Experts are now suggesting that addressing the current labor shortage/high unemployment quandary requires more than just introducing workers to employers. Both workers and industries are reassessing what ‘work’ is or should be, and the pandemic has provided the platform on which they can explore those concerns.


Changing Worker Priorities

The past 18 months of uncertainty and stress have caused significant psychological discomfort, as isolation and economic losses triggered depression, anxiety, and worse. Those who’ve weathered the darkness are now looking more closely at how they want to live – and work – going forward.

Some have found occupational freedom in their new work-from-home situation and want to retain that option in their future career searches.

Others are looking for a deeper work/life meaning, seeing their paycheck now as an ancillary benefit to working and not its primary objective. They want their work to offer meaning and value to their lives.

Still others are looking to move into jobs and careers they’ve never explored. Many people continued working in the fields where they first secured employment, not because they intentionally chose that career path. The pandemic ‘reset’ has allowed them to revisit those choices and make better ones for their future.


Emerging Employment Choices

The parameters defining jobs, occupations, and careers are changing, too.

COVID-19 revealed that the ‘distributed workforce’ is a viable option for many businesses. Not only does it provide comparable productivity, but it can also reduce costs by eliminating the need for office space, commuting requirements, etc.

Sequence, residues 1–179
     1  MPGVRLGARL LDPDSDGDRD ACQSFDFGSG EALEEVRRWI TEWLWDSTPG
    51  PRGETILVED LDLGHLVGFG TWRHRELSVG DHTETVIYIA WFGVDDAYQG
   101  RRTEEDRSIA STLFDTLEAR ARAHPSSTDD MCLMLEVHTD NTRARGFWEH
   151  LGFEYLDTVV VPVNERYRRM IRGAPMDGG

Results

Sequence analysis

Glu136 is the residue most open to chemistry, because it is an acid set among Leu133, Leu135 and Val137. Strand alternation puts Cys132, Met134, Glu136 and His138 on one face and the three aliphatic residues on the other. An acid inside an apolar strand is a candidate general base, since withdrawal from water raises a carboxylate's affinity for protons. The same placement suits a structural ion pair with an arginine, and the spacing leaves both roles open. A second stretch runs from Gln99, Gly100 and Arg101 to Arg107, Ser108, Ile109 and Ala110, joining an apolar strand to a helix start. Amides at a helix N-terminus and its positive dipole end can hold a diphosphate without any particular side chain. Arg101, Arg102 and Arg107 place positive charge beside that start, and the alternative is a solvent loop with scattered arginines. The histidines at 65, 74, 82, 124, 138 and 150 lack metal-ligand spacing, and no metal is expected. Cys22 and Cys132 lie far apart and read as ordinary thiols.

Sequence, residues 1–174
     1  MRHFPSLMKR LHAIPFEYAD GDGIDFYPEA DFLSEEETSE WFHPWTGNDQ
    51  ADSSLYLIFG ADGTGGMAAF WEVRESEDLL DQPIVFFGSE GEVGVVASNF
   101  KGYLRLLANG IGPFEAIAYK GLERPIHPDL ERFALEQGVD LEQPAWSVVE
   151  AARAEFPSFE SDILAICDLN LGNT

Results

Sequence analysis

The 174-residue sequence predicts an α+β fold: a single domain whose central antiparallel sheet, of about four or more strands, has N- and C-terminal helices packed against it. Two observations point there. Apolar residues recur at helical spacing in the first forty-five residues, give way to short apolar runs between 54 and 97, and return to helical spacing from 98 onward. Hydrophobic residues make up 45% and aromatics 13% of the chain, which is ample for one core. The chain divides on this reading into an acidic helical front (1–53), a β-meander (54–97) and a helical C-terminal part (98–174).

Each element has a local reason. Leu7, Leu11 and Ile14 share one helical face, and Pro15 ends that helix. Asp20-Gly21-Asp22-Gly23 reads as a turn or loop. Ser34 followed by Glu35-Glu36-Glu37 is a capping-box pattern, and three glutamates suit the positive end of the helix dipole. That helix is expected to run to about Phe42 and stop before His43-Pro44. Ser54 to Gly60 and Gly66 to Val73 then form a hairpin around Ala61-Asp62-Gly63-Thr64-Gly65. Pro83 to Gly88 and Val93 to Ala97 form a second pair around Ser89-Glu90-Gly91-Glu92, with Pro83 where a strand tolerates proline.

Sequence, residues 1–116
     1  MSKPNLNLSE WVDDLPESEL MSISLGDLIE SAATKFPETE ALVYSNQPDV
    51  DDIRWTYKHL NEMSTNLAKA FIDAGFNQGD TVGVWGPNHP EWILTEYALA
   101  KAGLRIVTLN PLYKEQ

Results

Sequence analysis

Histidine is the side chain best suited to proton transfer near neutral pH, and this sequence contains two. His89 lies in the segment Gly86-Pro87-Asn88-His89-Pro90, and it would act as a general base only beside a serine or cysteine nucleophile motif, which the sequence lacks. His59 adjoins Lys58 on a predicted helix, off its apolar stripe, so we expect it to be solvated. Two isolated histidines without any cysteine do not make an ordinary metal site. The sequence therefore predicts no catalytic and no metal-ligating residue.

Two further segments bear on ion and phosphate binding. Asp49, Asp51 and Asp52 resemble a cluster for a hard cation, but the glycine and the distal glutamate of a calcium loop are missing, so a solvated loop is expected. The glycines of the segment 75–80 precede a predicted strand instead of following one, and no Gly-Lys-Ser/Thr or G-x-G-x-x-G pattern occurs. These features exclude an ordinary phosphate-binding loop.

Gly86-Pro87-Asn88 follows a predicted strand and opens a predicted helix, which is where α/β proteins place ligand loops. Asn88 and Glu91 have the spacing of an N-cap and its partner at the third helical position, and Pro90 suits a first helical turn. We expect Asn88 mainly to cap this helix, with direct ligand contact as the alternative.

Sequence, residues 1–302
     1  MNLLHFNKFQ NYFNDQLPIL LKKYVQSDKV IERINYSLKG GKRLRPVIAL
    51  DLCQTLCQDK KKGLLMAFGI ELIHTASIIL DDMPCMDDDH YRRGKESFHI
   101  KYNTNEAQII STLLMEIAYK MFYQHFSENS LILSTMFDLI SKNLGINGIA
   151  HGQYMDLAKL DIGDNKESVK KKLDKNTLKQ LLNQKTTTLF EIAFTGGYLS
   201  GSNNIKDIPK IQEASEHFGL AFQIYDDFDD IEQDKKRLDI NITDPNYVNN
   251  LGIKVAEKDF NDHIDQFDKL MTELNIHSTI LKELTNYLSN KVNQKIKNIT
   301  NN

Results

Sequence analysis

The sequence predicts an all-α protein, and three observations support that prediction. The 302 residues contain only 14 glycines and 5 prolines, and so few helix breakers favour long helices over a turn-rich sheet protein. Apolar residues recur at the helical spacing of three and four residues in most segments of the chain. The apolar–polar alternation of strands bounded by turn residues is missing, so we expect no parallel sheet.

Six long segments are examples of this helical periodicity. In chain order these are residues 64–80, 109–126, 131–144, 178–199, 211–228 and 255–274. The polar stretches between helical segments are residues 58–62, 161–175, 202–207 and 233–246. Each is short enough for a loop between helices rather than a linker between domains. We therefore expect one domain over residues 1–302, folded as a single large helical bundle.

Automation is also growing in popularity as companies implement machines to replace their now off-site workforce. That development, however, also revealed the need for ‘automation management,’ a job that transcends the unique specificities of all industries.

The lack of workers with high-quality middle skills is also driving innovations in industries that now recognize the high value offered to their organization by middle skills training. Many are considering adding training and upskilling capacities to lure potential employees who bring talent and willingness but lack just those specific skills to do the work.


The anticipated growth of the economy has been tempered by recent surges of coronavirus cases, further inhibiting both job seekers and employers from moving forward too fast. However, the continuing delay of a full economic recovery offers the opportunity for all involved to evaluate what kind of economy it will be and participate as both employee and employer in its creation.